• Contrasting asset and income based measures of poverty in northern Kenya.

Barrett et al. JDS 2006. 42(22). Page 255

slide18
In pastoral areas, the key asset is livestock.

This makes asset poverty simpler to analyze than in other settings, but there is broad applicability of this approach

slide19
Asset poverty can be viewed as “structural poverty”.
    • the assets of a household are below a threshold that generates expected income above some defined poverty line.
    • Another issue is that the returns to assets are potentially a function of asset levels
  • Income poverty can be viewed as “transitory poverty”.
    • The observed income level is below a threshold in a given time period.
  • Vulnerability to these different types of poverty differs.
slide20
Average household income is highly variable over time periods.
  • Clear seasonality (1 is the long rains, 3 is the short rains, 2 and 4 are dry seasons).
  • Slow upward shift of the cycle.
slide21

Clearly, this is a highly variable production environment due to rainfall fluctuations.

Contrast households by income variability over time under the assumption that higher variability is “bad”.

CV of household income is a decreasing function of both average herd size and of average income level

slide22
Herd dynamics play a critical role in household vulnerability.
  • Average household herd size changed dramatically over time (35% increase to max, 55% decrease from max).
  • The late 1996 loss to the average herd corresponds to a 34% drop in expected income.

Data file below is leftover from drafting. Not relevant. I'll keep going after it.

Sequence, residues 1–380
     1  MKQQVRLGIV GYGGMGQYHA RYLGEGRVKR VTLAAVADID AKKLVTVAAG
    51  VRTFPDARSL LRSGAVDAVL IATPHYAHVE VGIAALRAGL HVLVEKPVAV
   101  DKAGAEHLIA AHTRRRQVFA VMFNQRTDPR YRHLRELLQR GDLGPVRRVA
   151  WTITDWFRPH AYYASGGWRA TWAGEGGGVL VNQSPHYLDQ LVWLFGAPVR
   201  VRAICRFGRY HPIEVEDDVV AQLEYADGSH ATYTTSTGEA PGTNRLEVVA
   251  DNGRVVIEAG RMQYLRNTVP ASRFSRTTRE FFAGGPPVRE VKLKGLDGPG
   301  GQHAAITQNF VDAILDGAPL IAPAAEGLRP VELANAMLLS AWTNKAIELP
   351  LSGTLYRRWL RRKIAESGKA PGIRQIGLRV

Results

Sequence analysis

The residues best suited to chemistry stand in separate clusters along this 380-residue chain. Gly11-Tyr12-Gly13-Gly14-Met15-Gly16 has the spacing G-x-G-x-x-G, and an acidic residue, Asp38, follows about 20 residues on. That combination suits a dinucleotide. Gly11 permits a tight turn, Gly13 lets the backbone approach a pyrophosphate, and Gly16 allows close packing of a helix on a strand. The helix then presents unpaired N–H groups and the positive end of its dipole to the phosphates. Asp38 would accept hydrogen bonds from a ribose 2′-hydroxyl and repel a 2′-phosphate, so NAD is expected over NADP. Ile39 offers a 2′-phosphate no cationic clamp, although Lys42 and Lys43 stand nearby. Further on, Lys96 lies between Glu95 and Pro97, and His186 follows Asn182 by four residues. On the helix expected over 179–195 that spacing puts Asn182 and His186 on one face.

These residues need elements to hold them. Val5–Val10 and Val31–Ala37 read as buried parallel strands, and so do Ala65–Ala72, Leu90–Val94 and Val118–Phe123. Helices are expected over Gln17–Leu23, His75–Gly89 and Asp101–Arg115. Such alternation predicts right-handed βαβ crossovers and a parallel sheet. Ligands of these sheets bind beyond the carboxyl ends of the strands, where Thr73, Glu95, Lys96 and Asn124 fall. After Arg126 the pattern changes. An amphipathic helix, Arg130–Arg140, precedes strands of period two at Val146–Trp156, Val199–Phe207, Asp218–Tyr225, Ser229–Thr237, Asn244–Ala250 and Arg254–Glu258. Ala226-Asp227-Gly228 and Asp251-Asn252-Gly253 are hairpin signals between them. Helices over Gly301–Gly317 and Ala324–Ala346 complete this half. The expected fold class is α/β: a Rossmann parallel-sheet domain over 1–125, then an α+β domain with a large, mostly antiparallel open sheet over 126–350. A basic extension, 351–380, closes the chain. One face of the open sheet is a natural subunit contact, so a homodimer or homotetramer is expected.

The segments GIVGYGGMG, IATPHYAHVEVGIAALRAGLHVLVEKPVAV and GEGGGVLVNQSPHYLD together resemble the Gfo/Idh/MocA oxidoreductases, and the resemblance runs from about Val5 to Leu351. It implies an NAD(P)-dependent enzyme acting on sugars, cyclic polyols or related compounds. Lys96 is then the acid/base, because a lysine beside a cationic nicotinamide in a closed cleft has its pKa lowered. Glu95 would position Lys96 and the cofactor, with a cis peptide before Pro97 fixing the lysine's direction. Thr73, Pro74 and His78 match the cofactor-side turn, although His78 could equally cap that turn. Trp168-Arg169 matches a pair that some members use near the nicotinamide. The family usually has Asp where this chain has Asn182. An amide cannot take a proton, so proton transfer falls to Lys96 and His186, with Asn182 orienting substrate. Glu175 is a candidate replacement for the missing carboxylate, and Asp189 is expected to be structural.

slide23
Regression analysis allows us to trace out the relationship between herd size per adult equivalent and expected income.
  • Threshold using a $0.50 per person per day poverty line:
    • wet season 6.5 animals
    • dry season 9.5 animals
contrast asset and income hc index
Contrast Asset and Income HC index

When you measure and how you measure poverty leads to different implications (income poor at $0.50 line)

slide26

When you measure and how you measure poverty leads to different implications (11 sites in Kenya and Ethiopia)

evidence from the borana plateau
Evidence from the Borana Plateau

Threshold around 10 animals per person (also note this is close to the dry season asset poverty line)

This pattern suggests restocking should be targeted at people around the threshold.

poverty and vulnerability linked
Poverty and Vulnerability linked
  • What do people say they are worried about when you ask them?
  • Risk rankings from the PARIMA survey.
  • Developed list of common concerns through open ended work.
  • “which of these you are afraid could affect your household in the coming three months”.
  • Allowed them to say “not a concern” and they could add others as well.
the implications for development policy
The implications for development policy
  • Vulnerability to poverty may influence behavior as much as the state of poverty.
  • Asset complementarities may be critical (and wealth may matter). Land plus irrigation as opposed to just land.
  • Access to assets – who has access? Will markets alone allocate assets to allow people to climb out of poverty?
conclusion
Conclusion
  • Different static measures have different advantages and disadvantages.
  • Applying a variety of them to the same data set helps.
  • Spatial analysis can help targeting of policy efforts.
conclusion1
Conclusion
  • Dynamic measures provide different types of information on poverty.
    • What do people identify as the causes of falling into poverty?
    • What do people identify as the main paths out of poverty?
    • What can government / NGOs do with this information?
    • Policy to prevent falls (“safety nets”) may differ from policy to allow escape (“cargo nets”).
    • Humanitarian is by nature targeted at transitory, crisis relief. Does this crowd out longer term development assistance?
conclusion2
Conclusion
  • Asset based poverty measures differ from income based poverty measures.
  • Asset vulnerability may be important.
  • Seasonality of income measures may be misleading.